The Start Frame Delimiter is a one-byte field in an Ethernet frame that indicates the start of the frame.

 

sFlow

sFlow is a standard technology for monitoring switched networks. An sFlow agent embedded on a switch or router gets sample data and packet statistics from traffic forwarded through its ports. The sFlow collector is a server that collects and analyzes sFlows.

 

SFP

SFP (Small Formfactor Pluggable) is a compact transceiver that connects a switch, router or similar device to a fiber optic or unshielded twisted pair cable. SFP transceivers comply with the SFP Transceiver Multi-source Agreement (MSA).

 

SFTP

SSH File Transfer Protocol or Secure File Transfer Protocol (SFTP) is a secure way of transferring files between computers. It uses port 22. Also see SC (Secure Copy).

 

SGMP

SGMP (Simple Gateway Monitoring Protocol) is an application-layer protocol that allows remote users to inspect and change a gateway's configuration.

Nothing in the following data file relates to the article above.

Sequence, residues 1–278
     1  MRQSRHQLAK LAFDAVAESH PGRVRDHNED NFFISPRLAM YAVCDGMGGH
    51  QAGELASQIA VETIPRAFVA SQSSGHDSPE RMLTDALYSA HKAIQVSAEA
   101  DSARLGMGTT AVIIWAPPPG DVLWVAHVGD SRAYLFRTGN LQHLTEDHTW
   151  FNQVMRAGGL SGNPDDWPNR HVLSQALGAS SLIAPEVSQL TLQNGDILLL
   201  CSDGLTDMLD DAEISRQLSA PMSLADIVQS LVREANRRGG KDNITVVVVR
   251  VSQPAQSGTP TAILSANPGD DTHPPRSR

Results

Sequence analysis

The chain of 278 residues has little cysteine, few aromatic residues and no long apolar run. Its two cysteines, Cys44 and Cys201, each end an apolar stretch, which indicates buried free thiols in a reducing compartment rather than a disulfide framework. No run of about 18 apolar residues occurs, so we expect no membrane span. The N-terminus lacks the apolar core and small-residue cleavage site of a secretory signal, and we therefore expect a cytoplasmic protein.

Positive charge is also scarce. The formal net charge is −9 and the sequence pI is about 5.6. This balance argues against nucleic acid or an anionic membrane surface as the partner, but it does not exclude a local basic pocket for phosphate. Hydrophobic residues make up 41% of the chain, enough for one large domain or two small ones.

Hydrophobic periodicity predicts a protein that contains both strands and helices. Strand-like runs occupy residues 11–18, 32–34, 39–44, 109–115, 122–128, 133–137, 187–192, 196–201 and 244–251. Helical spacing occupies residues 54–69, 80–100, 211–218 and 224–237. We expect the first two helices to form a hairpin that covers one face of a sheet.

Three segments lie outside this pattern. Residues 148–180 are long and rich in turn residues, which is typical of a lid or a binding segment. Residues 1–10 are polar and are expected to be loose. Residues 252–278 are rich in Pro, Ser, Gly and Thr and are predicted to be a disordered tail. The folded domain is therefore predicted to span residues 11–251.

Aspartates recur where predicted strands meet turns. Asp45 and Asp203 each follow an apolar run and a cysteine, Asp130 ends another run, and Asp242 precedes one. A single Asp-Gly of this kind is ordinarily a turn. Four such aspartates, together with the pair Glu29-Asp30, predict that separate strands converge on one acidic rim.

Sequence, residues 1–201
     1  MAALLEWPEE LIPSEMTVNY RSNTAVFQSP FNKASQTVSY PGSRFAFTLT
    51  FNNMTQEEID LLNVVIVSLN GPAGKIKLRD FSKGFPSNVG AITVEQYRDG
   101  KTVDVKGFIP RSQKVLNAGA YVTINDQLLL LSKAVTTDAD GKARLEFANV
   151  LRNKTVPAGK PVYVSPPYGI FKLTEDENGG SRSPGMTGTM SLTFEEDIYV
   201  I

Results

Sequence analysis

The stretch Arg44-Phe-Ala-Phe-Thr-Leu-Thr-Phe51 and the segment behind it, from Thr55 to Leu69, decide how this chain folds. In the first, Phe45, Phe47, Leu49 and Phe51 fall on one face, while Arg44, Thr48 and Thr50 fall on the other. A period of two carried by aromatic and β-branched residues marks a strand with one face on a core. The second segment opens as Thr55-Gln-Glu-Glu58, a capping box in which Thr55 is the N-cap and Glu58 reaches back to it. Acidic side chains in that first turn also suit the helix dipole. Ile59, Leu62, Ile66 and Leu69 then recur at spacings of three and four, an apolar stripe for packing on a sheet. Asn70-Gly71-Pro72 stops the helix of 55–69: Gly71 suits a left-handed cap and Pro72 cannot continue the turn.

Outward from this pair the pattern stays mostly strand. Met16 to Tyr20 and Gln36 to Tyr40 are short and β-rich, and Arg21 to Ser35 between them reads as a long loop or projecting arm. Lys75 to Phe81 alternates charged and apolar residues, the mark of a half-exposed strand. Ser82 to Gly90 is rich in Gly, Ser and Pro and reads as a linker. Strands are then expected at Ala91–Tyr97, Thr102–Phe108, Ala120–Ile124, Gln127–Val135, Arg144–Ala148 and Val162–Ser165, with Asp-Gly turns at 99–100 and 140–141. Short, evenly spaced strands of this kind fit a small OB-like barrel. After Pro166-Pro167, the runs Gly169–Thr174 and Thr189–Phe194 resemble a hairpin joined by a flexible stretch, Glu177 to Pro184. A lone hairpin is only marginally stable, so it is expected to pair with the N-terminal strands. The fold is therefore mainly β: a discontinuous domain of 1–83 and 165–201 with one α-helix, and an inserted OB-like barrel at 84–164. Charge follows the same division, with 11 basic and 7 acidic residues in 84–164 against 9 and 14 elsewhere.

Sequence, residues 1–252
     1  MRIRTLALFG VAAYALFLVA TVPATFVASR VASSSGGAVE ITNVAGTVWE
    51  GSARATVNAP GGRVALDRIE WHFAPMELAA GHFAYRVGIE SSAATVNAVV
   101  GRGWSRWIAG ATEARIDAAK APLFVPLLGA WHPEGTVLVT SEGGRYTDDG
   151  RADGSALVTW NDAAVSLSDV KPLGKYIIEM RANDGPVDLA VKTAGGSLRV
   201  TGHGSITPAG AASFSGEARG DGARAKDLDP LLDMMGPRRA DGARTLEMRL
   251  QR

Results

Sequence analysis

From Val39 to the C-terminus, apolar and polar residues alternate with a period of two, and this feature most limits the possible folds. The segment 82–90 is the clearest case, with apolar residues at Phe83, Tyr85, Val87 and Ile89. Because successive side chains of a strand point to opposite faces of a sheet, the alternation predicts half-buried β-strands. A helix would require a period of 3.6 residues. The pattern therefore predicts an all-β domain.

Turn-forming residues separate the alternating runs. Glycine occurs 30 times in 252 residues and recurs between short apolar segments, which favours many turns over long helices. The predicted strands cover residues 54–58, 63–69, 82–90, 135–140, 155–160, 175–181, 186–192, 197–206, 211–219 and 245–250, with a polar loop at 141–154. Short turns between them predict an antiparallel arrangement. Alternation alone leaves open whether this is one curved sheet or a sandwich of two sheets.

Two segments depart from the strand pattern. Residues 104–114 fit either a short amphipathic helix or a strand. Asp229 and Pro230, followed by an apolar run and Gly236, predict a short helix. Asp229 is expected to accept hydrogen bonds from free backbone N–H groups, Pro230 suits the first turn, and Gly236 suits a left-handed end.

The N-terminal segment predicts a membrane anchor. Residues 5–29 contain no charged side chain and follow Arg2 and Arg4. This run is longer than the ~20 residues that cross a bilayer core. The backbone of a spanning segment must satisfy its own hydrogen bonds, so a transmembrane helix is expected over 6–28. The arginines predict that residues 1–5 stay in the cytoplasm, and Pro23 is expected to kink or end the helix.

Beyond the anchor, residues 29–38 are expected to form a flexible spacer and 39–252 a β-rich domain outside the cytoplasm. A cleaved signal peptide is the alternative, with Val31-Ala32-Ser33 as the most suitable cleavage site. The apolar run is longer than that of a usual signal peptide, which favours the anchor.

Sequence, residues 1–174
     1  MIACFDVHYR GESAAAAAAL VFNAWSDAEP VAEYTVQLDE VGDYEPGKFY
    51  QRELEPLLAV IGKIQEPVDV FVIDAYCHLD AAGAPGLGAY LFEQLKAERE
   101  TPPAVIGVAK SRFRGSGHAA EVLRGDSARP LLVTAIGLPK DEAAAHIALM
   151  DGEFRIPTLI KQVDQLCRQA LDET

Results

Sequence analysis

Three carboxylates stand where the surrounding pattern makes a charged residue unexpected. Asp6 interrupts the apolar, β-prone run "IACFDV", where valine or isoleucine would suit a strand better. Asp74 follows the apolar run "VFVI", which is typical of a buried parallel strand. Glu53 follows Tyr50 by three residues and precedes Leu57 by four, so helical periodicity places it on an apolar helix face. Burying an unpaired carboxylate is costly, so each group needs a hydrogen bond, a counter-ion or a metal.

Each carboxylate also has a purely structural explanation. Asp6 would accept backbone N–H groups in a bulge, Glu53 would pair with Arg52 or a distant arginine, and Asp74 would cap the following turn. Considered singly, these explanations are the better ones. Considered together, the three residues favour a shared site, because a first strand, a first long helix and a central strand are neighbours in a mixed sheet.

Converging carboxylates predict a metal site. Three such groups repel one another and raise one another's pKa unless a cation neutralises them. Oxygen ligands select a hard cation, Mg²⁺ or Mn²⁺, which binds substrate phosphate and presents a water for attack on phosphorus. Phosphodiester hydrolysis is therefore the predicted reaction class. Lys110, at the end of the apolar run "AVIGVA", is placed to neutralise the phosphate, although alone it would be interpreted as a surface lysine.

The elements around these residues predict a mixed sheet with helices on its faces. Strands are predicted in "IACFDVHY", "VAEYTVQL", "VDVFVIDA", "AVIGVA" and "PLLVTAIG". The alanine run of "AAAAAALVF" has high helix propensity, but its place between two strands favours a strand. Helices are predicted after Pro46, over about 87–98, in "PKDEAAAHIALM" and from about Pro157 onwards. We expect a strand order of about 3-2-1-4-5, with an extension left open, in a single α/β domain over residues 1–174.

SHA1

Secure Hash Algorithm HMAC-SHA-1 (RFC 2404) is a hash algorithm that is used to authenticate packet data. It produces a 160-bit message digest.

 

SHA1 Fingerprint

A SHA1 fingerprint is a certificate's message digest that was calculated using the SHA1 algorithm.

 

Share

On a network storage system, a share is a set of access permissions mapped to a specific folder on a volume. It is equivalent to the Windows concept of a shared folder, but is independent of the folder. See also Share Path.

 

Share Path

A share path is the full path to a folder on a volume that will be shared on a network storage system. See also Share.

 

Shell

A shell is the outermost part of an operating system that interacts with user commands. See also Kernel.

 

Shoulder Surfing

Looking over someone's shoulder to see the numbers they dial on a phone, or the information they enter into a computer.

 

Side A/B Settings in Q.SIG